Artist Contract Company and Date
R.E.M. $80 million Warner Bros. 8/24/96
Janet Jackson $70 million Virgin Records 1/11/96
Metallica $60 million Elektra Records 1/10/95
Barbra Streisand $60 million Columbia Records 12/13/92
Madonna $60 million Warner Bros. 4/20/92
Michael Jackson $60 million Sony Music's Epic Records 3/20/91

Remember also that Mariah Carey was paid $28M to get out of a $80M contract after her nervous breakdown.
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Old 11-03-05, 10:07 PM
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I can't remember the source but I've heard that Eminem has a really good deal getting $2 off of every CD sold. That doesn't seem like alot unless you're going muliti platinum though.

It really just depends on the artists negotiation skills.
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Old 11-03-05, 10:15 PM
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Originally Posted by Super J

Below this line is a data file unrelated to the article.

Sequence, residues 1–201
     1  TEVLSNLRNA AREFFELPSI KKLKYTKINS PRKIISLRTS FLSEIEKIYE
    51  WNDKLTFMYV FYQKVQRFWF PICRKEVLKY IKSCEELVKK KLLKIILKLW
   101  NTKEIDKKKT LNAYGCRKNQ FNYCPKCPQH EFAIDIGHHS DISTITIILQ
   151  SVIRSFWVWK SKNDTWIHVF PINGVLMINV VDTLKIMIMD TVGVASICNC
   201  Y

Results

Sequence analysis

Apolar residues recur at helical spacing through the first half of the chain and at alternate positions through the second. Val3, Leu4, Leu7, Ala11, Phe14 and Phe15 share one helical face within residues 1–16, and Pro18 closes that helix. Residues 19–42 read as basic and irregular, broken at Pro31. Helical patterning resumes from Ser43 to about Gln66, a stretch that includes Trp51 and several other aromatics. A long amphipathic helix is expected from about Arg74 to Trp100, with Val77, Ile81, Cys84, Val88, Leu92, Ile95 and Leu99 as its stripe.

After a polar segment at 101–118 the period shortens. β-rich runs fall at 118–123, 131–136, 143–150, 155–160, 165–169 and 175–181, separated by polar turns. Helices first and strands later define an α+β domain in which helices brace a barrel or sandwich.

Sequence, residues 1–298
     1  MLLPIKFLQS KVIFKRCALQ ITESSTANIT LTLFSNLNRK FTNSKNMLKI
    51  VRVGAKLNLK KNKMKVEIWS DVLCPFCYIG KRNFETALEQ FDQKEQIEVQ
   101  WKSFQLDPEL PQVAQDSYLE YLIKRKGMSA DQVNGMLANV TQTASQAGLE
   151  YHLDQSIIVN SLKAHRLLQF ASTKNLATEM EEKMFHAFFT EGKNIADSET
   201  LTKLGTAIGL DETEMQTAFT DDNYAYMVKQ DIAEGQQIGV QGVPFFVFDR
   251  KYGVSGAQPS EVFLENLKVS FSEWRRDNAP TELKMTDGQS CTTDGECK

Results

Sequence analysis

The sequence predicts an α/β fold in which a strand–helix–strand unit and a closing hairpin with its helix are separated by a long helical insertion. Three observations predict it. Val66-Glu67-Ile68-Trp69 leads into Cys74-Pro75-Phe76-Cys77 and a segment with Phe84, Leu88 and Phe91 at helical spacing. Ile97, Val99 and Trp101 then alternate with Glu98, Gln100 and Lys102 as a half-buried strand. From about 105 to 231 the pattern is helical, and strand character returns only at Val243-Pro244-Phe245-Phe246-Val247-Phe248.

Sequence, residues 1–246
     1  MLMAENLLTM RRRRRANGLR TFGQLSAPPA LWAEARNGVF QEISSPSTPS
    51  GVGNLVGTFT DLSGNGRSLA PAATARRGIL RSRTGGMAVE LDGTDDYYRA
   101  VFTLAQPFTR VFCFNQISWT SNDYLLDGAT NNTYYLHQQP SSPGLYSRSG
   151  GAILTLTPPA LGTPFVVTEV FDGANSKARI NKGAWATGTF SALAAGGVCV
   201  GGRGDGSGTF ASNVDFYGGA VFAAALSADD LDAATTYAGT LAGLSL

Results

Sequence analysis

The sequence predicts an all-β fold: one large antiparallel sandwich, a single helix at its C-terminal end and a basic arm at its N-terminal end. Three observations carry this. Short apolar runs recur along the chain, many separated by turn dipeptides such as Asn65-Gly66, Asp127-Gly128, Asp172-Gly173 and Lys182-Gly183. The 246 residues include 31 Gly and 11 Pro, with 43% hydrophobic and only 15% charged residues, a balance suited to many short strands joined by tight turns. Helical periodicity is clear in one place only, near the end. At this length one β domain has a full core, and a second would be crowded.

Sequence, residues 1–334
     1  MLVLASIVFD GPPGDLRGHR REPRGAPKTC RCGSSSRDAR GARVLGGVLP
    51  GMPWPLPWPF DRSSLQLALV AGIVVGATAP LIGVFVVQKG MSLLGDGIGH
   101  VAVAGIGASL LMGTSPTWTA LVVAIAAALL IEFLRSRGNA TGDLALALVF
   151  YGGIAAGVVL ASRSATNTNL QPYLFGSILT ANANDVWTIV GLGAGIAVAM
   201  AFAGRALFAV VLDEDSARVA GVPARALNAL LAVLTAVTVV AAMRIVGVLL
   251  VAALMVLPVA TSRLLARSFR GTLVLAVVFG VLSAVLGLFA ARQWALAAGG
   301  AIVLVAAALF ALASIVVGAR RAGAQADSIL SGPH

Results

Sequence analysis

It really just depends on the artist's lawyer's negotiation skills.
Fixed.
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Old 11-03-05, 10:23 PM
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this is the best piece ive seen about this issue. really amazing and shocking stuff...

http://www.negativland.com/albini.html
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Old 11-03-05, 10:43 PM
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Keep in mind that no one is really telling the truth when it comes to how much they earn or pay out in royalties. There's no incentive to. I can tell you that established artists make out pretty well in general, while new artists rarely break even. But it's also true that major labels lose money on about 90% of their roster. So it's unfair to look at it from the standpoint of one specific band; you have to look at each label's roster overall.

There's also complicated factors to consider such as cross-collateralization, most favored nation clauses, etc.

I'm a music copyright lawyer; I don't do royalty negotiations (besides, I'm just an associate and too inexperienced to do it anyway), but I have sat in on one or two, and I stand by my claim that there are no innocent parties.

Last edited by illennium; 11-03-05 at 10:45 PM.
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Old 11-03-05, 11:03 PM